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Administrative staff leaning toward future contract for services with Clackamas, not a merger

PMG FILE PHOTO - As of December 2021, Sandy Fire alone had responded to 2,500 calls in 2021, and as of November, the number for 2022 is 2,600 calls. Two years ago, Sandy Fire District entered into an intergovernmental agreement (IGA) with Clackamas Fire District No. 1 in hopes of mutually benefitting the agencies' service areas by providing additional supports for an increasing number of calls. As of December 2021, Sandy Fire alone had responded to 2,500 calls in 2021, and as of November, the number for 2022 is 2,600 calls.

As an increase in demand rises, the two districts have just completed a feasibility study to find out how they could serve their communities better, and what actions to take for the future of Sandy Fire.

Similar studies have been done by Clackamas Fire with other partnering agencies, such as Estacada Fire, and the decision was later made that the two would integrate.

While many citizens in the Sandy district were concerned this study would lead their department down the same path, that doesn't appear to be the direction administrative staff are leaning toward.

The feasibility study, published by AP Triton, LLC in July, gives three recommended outcomes for Sandy: staying status quo, entering into another intergovernmental agreement or contracting with Clackamas Fire for services or integrating.

Of the three, Fire Chief Phil Schneider and McKinnon said the second was most likely.

Contracting for services is what Sandy has already been doing with Clackamas since 2020, but they'd likely strike a different deal in order to provide Sandy with even more human-power.

In recent years, Sandy Fire has made several arrangements with Clackamas and through mutual aid agreements to make sure those living in the district have emergency services.

The boards of directors for both Clackamas Fire and Sandy Fire approved an intergovernmental agreement for staffing of the Eagle Creek station during meetings in April 2021. The IGA went into effect July 1, 2021.

Because of the agreement there are three firefighters, with a minimum of one paramedic, at the station at 32200 S.E. Judd Road. Previously, the station was staffed by Clackamas Fire 40 hours per week with three firefighters.

The increased staffing is expected to improve emergency response for Barton, Boring, Carver, Eagle Creek and Sandy.

"We're paying for three and getting nine firefighters," Schneider said recently. "It's been a great adventure."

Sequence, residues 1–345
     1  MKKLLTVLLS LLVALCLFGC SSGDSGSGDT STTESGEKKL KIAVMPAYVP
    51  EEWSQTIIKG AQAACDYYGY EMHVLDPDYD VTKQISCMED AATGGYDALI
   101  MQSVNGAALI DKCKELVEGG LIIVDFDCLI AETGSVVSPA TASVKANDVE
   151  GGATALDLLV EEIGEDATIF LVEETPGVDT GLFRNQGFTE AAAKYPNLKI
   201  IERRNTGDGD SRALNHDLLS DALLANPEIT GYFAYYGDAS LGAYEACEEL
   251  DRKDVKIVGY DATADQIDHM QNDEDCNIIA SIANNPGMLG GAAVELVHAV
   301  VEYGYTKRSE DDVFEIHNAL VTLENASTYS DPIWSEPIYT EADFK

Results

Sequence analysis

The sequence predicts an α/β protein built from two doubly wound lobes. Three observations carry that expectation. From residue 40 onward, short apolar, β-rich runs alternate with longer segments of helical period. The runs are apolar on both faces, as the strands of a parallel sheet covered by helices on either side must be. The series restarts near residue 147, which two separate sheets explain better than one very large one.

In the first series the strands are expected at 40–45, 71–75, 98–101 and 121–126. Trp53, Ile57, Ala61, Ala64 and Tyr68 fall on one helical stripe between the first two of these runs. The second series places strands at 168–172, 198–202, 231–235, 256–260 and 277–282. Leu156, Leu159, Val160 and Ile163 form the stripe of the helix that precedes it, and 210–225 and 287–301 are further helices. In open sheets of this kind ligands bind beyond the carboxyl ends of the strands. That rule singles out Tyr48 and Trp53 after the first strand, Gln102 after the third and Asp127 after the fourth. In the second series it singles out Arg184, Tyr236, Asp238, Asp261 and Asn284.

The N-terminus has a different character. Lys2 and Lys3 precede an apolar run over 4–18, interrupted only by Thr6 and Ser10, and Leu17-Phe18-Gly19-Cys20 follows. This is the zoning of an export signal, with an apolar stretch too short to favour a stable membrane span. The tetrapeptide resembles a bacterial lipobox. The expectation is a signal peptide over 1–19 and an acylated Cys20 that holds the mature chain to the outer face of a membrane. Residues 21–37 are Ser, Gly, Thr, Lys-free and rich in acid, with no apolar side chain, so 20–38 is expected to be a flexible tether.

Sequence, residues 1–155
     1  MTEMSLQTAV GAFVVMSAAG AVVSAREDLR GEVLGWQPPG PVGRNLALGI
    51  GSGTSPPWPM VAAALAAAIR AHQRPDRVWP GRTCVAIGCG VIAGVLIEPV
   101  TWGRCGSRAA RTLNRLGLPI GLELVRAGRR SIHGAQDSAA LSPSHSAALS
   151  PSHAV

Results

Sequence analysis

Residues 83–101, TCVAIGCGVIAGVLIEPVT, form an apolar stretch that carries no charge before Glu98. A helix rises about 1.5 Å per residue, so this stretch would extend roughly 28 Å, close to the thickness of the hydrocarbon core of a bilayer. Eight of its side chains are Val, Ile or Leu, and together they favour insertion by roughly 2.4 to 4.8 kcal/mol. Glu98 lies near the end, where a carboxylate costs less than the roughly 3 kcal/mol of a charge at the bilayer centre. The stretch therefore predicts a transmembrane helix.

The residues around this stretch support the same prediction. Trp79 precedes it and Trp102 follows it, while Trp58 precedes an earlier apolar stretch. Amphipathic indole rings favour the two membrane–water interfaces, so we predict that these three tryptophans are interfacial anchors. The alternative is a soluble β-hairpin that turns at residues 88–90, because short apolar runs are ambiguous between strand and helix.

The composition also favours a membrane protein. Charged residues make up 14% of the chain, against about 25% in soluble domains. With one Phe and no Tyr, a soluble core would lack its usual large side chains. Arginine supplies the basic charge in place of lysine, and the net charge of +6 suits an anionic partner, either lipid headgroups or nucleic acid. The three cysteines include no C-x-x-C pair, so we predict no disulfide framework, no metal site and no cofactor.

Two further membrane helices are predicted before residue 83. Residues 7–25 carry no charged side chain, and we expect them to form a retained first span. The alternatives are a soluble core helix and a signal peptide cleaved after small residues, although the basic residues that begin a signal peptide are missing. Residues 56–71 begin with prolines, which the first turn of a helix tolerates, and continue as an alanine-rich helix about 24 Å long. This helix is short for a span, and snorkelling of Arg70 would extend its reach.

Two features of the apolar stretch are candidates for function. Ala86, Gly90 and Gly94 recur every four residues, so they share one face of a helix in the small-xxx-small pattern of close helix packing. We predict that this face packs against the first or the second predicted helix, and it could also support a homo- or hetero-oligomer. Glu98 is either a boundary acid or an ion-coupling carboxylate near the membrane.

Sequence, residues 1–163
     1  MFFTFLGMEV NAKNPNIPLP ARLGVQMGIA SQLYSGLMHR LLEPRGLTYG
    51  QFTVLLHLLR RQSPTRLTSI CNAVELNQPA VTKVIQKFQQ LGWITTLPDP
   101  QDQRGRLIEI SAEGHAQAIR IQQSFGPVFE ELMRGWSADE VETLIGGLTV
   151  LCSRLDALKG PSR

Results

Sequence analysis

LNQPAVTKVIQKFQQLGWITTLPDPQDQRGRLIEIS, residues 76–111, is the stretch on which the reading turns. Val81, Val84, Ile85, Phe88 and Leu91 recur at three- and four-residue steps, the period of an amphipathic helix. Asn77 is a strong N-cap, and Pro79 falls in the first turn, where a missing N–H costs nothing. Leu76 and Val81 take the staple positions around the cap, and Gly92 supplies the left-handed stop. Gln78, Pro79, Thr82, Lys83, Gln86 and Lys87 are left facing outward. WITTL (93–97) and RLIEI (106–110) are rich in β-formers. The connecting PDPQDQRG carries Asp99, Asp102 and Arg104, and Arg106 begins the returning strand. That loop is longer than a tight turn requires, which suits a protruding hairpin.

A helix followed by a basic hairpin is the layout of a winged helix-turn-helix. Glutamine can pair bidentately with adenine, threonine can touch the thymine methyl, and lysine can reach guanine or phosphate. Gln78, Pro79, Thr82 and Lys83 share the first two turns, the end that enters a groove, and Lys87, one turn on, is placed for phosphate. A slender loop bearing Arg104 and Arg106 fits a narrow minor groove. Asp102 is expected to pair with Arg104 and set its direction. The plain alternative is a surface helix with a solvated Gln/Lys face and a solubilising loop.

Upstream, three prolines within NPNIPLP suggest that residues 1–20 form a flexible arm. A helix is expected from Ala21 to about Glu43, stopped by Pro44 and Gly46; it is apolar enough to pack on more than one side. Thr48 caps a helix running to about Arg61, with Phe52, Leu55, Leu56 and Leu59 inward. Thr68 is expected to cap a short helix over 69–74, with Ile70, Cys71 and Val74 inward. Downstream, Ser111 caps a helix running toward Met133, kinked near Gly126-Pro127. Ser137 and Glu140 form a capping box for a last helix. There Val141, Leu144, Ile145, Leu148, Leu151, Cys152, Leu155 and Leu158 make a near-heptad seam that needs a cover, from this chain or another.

One major point against merging the Sandy Fire and Clackamas Fire Districts, Schneider added is "if we merged, we'd go to (Clackamas') mill rate, to 2.42 (per $1,000 of a property's assessed value) from 2.17. If we go with option two, we'd keep the same rate." And this decision would have to go before voters.

Clackamas said they could offer Sandy Fire a three-person engine company if they made a new contract for services. Currently, Sandy Fire operates with a four-person crew 35% of the time and a three-person company 65% of the time. With the contract, they'd gain two people per 12-hour period (during the peak call time).

Clackamas has come to the table with a three-person 24/7 engine company and a two-person peak unit for 12 hours a day for seven days a week.

"It's a guaranteed increase in service," McKinnon said.

"A lot (of) this is money," Schneider said. "If we can get more for less money, of course I'm going to do that. Money is a big thing right now; people are really struggling."

And these inter-local and intergovernmental agreements help do just that. Through a contract, Schneider is hopeful they'll be able to offer the same level of service their taxpayers are accustomed to, to their growing community and without putting that cost back on the residents.

"Since the start of the IGA in 2020, we have been able to meet service delivery along with having an effective response work force. Clackamas Fire provides training for all paid staff, volunteers, 24/7 Battalion Chief coverage, and fleet maintenance," Schneider said in a letter he sent out to residents on Nov. 18. "In 2021, we budgeted to add staffing to the Eagle Creek Community Fire Station. By sharing the cost, we were able to add a second staffed engine 24/7 assisting both Sandy and Eagle Creek areas for emergency calls. We have completed the feasibility study and AP Triton recommends an Expanded Functional & Operational Partnership through an IGA. Sandy Fire Board of Directors have asked Clackamas Fire for a draft contract for future consideration with no additional cost to property taxes."

Though a merger of districts doesn't seem to be in the cards for Sandy and Clackamas, the union for Sandy has voted unanimously for the contract for service route, and they also moved over to working with the Clackamas Firefighter Union No. 1159 in July 2022.

McKinnon said the Sandy Fire administrators have worked "to be very transparent" throughout this process.

"This is about offering the best service possible to the community," he added.

The feasibility study document is available for the public to read online at sandyfire.org/feasibility-study.

The Sandy Fire board of directors will meet on Dec. 15, for a work session at 4:30 p.m. and meeting at 7 p.m. to further discuss the options presented in the study, look over a draft of an operational contract from Clackamas and hear again the Sandy administrators' recommendation.

Schneider said he hopes to have a decision by the first of the year, but that is not set in stone.


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